Seven Tips to Successfully Quit Smoking in the New Year
This holiday season, countless Americans will make the New Year’s resolution to quit smoking in 2012. While quitting smoking is extremely difficult—six out of 10 smokers require multiple quit attempts to stop smoking—preparing a quit-smoking plan can greatly improve a person's chance for success. The following are proven tips and resources from the American Lung Association that have helped thousands of people give up smoking for good.
Getting Up From Your Desk Can Put the “Breaks” on Cancer
As many as 49,000 cases of breast cancer and 43,000 cases of colon cancer occurring in the U.S. every year are linked to a lack of physical activity, according to estimates presented at the American Institute for Cancer Research annual conference. The estimate underscores the critical role that both activity and inactivity play in the development of specific cancers.
AICR's Foods that Fight Cancer™
The American Institute for Cancer Research (AICR) has launched a new web-based tool that details the current state of the research on the food-cancer link, and offers practical strategies for adding cancer-protective foods to the day.
Don’t Let Fatigue Get You Down
Fatigue is the most common and distressing symptom experienced by people with cancer. It can be part of the disease process or its treatments, and it can persist after treatments are completed. Cancer invades every part of your life. Similarly, fatigue can cast a shadow over everything you do, feel, and even how you think about yourself. Learning about fatigue, its causes, and ways to potentially lessen its effects can improve your overall quality of life.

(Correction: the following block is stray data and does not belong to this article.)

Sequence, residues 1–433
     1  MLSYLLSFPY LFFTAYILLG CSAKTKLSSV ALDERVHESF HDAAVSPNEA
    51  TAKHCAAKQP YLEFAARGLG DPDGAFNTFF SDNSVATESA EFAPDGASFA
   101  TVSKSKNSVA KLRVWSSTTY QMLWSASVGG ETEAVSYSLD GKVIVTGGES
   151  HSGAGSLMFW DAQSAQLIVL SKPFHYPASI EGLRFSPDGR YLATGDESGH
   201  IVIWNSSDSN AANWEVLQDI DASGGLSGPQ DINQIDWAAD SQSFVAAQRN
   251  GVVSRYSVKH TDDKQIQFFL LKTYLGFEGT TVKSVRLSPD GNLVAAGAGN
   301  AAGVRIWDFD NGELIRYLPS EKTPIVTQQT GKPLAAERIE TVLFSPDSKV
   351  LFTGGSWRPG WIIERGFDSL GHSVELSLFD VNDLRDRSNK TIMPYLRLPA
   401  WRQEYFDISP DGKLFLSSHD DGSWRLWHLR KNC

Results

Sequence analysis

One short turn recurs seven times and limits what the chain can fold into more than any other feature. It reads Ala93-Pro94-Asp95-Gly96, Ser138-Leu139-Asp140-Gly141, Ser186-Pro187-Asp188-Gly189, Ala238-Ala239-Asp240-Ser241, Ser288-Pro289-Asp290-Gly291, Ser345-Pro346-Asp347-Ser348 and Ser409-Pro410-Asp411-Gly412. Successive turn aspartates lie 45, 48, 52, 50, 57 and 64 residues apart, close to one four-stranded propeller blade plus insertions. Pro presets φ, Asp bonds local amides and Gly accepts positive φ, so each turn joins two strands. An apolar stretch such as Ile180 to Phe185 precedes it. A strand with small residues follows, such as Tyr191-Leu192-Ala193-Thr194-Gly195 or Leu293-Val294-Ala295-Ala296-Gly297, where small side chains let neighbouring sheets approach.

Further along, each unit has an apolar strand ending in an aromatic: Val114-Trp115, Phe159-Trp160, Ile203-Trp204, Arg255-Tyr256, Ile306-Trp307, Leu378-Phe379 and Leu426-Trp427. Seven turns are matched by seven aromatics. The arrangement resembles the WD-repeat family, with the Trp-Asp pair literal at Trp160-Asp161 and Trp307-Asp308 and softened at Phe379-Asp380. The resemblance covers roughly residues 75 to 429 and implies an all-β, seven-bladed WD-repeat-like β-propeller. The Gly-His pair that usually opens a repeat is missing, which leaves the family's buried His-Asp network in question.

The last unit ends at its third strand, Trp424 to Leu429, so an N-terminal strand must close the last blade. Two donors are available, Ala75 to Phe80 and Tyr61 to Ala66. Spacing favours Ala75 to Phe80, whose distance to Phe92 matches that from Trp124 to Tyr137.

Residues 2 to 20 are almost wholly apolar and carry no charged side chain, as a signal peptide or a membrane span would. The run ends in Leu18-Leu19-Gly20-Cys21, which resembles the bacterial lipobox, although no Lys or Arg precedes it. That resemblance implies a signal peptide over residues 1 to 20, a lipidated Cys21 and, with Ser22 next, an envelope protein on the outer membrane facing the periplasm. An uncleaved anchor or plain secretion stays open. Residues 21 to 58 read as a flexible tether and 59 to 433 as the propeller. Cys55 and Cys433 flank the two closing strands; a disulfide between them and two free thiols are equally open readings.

Easing the Pain of Cancer
by Carrie Aigner, PhD, and Diane Novy, PhD
Have you ever noticed that when you are feeling sad or anxious you attend more to aches and pains in your body? When pain flares, you are more prone to experience negative emotions, such as fear, frustration, anger, and anxiety. Furthermore, when you are in pain, you may feel less like being active and socializing, making you even more susceptible to negative emotions.
Adopting a Healthy Lifestyle after Cancer
by Deborah K. Mayer, PhD, RN, AOCN, FAAN
I have been an oncology nurse for over 30 years but only joined the “club no one wants to be a member of” in 2007. So I have a view from both sides of being care provider and recipient. Much of my career has focused on people newly diagnosed with cancer who are facing treatment. I soon began to realize that was just the beginning of life as a cancer survivor.
How Should I Care for Myself During Radiation Therapy?
Nearly two-thirds of all cancer patients will receive radiation therapy during their illness. How should you care for yourself during treatment?
Getting the Sleep You Need When Cancer Keeps You Awake
by Philip Gehrman, PhD, and Holly Barilla
Many people with cancer have trouble sleeping. Pain, illness, medication, cancer treatments, side effects, and the psychological distress of diagnosis can disrupt sleep in people with cancer. And for many cancer survivors, insomnia continues to be a problem even after active treatment is finished.